TikTok’s chief security officer resigns following controversy over US users’ data


Roland Cloutier is stepping down as TikTok’s global security director. A management change that has been going on for months.

Chief Security Officer (CSO) TikTok The world decided Leave his post and assume a strategic advisory role within the organization. Roland Cloutier’s move follows concerns about the company’s handling of US user data. TikTok recently admitted that employees outside the country could access this information, despite “strong cyber security and access controls” by the US Security Council.

Roland Cloutier has stepped down as TikTok Global Security Director

So Roland Cloutier will be an advisor on the impact of business on TikTok’s security and trust programs. Kim Albarella, head of security risk, supplier and customer assurance, will contribute on an interim basis.

“Part of our evolving approach is to allay concerns about the security of user data residing in the U.S., including creating a new department to manage the data of TikTok’s U.S. users,” Chief Executive Officer Sho Ji Siew wrote in a note. His employees. “This is a significant investment in our data protection practices and it also changes the scope of the CSO role. With this in mind, Roland has decided to step down from his day-to-day operations effective September 2.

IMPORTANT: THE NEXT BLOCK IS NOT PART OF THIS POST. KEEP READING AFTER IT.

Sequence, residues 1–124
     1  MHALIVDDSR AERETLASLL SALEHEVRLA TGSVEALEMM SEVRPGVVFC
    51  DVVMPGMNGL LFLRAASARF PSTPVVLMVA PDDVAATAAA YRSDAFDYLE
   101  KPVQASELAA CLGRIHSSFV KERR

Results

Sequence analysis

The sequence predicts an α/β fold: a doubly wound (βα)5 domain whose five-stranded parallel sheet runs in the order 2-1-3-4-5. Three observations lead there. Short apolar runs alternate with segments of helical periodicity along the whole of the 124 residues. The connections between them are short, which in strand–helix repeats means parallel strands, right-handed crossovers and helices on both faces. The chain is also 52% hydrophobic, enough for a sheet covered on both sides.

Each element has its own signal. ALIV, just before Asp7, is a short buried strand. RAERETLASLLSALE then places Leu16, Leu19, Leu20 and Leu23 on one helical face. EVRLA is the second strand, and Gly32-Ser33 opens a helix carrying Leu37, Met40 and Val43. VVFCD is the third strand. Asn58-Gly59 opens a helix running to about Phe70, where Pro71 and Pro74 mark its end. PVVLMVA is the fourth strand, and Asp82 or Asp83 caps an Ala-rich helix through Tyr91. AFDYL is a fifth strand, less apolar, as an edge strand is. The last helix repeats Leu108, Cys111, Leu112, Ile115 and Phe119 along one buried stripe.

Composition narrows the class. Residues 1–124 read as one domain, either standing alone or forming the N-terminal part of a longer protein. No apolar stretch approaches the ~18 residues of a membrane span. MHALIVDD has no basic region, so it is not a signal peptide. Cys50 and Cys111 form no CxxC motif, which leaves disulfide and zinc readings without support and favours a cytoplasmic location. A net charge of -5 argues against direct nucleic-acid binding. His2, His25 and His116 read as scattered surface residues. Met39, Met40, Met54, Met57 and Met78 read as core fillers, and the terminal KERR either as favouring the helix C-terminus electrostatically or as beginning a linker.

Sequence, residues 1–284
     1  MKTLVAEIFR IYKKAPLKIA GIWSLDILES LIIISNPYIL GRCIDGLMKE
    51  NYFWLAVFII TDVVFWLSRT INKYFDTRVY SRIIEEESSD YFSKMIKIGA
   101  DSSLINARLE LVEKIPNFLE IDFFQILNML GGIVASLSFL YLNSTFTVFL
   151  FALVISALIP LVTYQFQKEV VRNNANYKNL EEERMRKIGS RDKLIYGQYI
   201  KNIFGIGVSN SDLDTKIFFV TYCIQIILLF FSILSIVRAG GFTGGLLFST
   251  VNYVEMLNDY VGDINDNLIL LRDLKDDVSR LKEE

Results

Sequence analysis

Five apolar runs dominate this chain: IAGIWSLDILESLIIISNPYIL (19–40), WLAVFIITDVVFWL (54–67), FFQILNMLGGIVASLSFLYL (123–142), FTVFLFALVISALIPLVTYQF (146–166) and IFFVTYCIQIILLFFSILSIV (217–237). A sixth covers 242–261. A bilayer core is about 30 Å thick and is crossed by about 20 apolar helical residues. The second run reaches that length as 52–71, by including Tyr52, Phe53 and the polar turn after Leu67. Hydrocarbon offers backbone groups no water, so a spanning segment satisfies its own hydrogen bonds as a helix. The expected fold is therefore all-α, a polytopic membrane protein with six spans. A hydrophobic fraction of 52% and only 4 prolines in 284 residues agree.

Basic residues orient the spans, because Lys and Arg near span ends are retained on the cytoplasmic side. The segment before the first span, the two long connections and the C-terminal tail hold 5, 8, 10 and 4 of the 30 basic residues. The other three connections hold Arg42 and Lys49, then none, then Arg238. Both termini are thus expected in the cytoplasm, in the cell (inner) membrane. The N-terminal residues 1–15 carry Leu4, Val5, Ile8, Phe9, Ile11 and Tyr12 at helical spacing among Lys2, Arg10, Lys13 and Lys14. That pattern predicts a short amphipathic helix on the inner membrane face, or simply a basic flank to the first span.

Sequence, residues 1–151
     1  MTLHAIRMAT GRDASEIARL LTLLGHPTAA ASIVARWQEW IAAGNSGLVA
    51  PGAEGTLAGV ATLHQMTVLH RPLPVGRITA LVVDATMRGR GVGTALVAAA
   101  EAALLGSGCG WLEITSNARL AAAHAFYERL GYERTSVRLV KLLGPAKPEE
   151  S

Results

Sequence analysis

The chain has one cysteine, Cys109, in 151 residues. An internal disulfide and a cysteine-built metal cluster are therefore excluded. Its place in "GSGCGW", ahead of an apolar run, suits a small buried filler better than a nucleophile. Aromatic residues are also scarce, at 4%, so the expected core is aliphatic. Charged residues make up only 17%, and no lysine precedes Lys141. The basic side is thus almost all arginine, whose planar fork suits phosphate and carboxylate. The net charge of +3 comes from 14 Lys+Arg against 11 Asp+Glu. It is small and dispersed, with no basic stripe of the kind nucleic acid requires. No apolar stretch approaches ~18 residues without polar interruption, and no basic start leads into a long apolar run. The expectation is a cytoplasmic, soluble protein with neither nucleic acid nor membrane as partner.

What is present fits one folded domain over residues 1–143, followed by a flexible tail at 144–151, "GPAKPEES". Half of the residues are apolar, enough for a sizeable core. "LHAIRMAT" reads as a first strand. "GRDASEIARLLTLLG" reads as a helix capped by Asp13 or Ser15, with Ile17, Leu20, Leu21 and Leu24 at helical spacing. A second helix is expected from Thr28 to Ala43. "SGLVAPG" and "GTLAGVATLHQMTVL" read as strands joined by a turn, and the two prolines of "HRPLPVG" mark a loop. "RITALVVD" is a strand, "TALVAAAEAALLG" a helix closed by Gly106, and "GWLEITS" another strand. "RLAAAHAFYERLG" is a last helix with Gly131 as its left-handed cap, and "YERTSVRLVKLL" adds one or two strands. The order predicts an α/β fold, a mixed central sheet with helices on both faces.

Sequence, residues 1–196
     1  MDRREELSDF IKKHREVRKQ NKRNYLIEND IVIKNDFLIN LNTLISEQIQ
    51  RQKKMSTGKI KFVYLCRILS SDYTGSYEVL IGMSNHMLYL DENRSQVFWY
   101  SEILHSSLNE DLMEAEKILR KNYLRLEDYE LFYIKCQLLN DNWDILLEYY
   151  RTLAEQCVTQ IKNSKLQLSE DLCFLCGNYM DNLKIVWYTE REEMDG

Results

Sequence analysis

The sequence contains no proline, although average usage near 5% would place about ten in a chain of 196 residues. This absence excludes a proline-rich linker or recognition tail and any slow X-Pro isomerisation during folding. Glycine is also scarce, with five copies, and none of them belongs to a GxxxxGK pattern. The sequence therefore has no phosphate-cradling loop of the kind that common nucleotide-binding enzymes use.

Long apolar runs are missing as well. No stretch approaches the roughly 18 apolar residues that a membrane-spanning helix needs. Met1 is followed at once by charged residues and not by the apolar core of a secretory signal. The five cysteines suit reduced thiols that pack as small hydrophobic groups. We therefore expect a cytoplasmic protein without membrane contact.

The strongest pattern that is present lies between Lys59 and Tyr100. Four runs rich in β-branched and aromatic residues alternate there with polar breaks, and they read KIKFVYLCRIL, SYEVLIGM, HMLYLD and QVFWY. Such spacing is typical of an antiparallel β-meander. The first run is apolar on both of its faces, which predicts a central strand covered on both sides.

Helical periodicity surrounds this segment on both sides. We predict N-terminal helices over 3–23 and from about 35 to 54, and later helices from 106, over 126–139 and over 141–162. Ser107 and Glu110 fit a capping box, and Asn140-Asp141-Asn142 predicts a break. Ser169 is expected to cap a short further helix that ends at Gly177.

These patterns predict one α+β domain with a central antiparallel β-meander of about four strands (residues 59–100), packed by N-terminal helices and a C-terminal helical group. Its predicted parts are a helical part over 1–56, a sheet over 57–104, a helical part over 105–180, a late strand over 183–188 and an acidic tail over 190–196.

A management change that has been going on for months

A TikTok spokesperson told The Wall Street Journal that Roland Cloutier does not oversee the new team handling US user data. This department reports directly to Sho Ji Che. Roland Cloutier’s departure has nothing to do with US regulators’ fears about their users’ data, and the change has been in the works for months.

Last month, BuzzFeed News reported that China-based engineers at parent company ByteDance accessed non-public US user data on multiple occasions between September and January. TikTok says it currently stores all personal data of US users on Oracle servers in the US and is in the process of removing personal data from its own servers. In a letter to Republican senators a few days ago, Sho Chi Siew wrote that the company is actively working to remove “doubts about the security of US user data.”

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